Wednesday, April 16, 2014

Federalism as Administration and Politics

Guest Blogger

Jessica Bulman-Pozen

For the Symposium on Federalism as the New Nationalism

How should we understand American federalism today? Amidst dysfunction in Washington, the prompt of this Symposium—“Federalism as the New Nationalism”—might suggest the states are now in charge not only of their own affairs but also of the governance of our country as a whole, our nationalism no more than what individual states make it. Or perhaps it might be read to indicate the opposite: that a long-running process of centralization is complete and the federal government has displaced the states, reducing our federalism to nationalism.

In my contribution to the Symposium, From Sovereignty and Process to Administration and Politics: The Afterlife of American Federalism, I argue that we need to complicate both the “federalism” and the “nationalism” sides of the equation. We miss too much when we define federalism in terms of autonomous state governance and distinctive state interests, as the federalism literature tends to do. And we miss still more in assuming that nationalism means a unitary federal position, as the federalism literature tends to take for granted. In thinking about federalism and nationalism alike, we should focus on the legally and politically generative interaction among the state and federal governments and the American people.

The story of federalism as nationalism is a story about two things in particular: the administrative state and partisan politics. It’s old news that states administer many federal laws. Increasingly, states also rewrite portions of federal laws pursuant to waivers. In many areas, states don’t enjoy a protected realm in which to set their own policies; instead, they set national policy together with federal politicians and bureaucrats. What this means for our nationalism is just as important as what it means for our federalism. There is plenty of competition between states and the federal government when it comes to state administration of federal law (think healthcare, emissions standards, immigration), but this competition tends not to be about state versus federal interests as such. Instead, states ally themselves with certain federal actors—often members of Congress—in in order to oppose others—often executive branch agencies. We can’t understand today’s federalism without considering the separation of powers, and we can’t understand the separation of powers without considering federalism.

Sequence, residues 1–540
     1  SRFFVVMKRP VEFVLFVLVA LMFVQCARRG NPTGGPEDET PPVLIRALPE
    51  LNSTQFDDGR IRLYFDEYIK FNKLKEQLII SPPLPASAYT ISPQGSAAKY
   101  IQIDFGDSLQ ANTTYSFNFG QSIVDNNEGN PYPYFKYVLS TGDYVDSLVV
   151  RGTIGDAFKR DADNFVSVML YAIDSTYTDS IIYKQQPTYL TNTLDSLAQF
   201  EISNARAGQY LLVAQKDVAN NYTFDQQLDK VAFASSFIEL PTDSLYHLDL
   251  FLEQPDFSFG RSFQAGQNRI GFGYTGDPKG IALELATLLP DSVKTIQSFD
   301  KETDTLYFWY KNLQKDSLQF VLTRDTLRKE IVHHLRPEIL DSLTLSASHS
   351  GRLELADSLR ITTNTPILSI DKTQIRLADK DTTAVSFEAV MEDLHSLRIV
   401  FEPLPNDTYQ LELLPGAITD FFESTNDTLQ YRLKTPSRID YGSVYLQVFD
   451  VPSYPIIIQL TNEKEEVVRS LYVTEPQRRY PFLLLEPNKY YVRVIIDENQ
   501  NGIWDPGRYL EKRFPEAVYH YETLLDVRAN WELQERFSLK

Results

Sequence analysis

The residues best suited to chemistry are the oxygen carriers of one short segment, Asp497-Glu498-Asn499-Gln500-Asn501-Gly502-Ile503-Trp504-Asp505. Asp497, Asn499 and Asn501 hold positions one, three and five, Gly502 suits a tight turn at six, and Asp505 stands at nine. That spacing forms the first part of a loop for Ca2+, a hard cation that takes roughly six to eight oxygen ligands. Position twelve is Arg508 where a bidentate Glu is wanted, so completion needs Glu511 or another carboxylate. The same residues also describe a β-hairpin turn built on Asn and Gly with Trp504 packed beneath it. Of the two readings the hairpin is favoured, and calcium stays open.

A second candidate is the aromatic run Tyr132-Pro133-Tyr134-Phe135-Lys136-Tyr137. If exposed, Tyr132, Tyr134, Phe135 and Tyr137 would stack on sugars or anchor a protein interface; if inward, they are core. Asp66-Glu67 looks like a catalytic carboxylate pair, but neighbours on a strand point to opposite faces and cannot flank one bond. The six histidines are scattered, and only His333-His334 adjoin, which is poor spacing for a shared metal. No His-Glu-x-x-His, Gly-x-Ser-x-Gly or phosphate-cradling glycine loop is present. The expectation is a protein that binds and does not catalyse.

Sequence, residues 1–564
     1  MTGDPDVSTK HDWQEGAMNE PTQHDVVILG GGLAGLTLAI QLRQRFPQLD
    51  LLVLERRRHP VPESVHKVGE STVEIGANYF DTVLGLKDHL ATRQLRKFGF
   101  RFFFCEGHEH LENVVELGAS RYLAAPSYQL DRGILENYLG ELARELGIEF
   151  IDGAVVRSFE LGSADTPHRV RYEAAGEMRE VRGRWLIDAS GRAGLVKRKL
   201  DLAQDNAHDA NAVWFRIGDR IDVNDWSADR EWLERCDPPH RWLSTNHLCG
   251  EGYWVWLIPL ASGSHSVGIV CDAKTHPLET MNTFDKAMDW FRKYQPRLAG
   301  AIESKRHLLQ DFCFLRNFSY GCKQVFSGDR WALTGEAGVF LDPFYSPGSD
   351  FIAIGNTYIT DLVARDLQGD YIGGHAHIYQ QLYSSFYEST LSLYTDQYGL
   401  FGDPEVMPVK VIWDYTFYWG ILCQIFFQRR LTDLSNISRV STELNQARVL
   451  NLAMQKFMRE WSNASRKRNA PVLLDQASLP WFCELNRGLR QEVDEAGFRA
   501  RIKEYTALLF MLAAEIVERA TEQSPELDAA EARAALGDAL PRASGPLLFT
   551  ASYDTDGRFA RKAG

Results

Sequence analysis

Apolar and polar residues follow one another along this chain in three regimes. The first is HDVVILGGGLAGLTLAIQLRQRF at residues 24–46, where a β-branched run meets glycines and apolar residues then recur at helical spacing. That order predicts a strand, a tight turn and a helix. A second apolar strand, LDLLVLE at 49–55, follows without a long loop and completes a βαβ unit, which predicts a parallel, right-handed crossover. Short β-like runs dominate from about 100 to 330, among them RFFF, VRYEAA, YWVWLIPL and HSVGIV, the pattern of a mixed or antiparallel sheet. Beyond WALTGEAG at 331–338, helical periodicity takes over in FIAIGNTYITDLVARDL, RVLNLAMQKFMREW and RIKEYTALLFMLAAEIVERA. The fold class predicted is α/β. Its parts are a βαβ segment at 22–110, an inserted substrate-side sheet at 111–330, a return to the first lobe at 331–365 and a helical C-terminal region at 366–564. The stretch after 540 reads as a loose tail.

Partisan politics is also a critical part of federalism as the new nationalism. The rise of ideologically cohesive and polarized national political parties, coupled with the rise of overlapping state and federal domains of governance, means that states are critical platforms for the party out of power to fight the party in power in Washington (again, think healthcare, emissions standards, immigration). We see political actors using state and federal governments alike to articulate, stage, and amplify competition between the political parties. Such partisan federalism challenges our understandings of both federalism and nationalism: the states further a set of national interests, not distinctive state interests, yet these national partisan interests are themselves multiple. (State-level direct democracy also provides a forum for Americans nationwide to participate, though funding or other assistance, in national political debates that are neglected at the federal level, like the legalization of marijuana.)

The vision I offer of states as national actors may be unsettling to those who see too much discord and contestation in today’s nationalism. And it may be particularly unsettling to those who value states as independent, autonomous units of government and define federalism accordingly. But attempting to wall off federalism from nationalism to protect one or the other is a misguided quest. Attending to how states pluralize, rather than stand apart from, national governance best captures the contemporary vitality of our federalism and of our nationalism.

Jessica Bulman-Pozen is an associate professor at Columbia Law School.  You can reach her at

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